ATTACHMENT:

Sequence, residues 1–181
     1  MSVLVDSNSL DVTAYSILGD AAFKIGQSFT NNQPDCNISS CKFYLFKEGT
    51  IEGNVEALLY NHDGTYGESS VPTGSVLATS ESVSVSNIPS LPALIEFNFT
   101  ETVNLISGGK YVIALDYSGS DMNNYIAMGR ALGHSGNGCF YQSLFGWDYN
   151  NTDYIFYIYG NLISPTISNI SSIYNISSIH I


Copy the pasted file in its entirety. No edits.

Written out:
Sequence, residues 1–181
     1  MSVLVDSNSL DVTAYSILGD AAFKIGQSFT NNQPDCNISS CKFYLFKEGT
    51  IEGNVEALLY NHDGTYGESS VPTGSVLATS ESVSVSNIPS LPALIEFNFT
   101  ETVNLISGGK YVIALDYSGS DMNNYIAMGR ALGHSGNGCF YQSLFGWDYN
   151  NTDYIFYIYG NLISPTISNI SSIYNISSIH I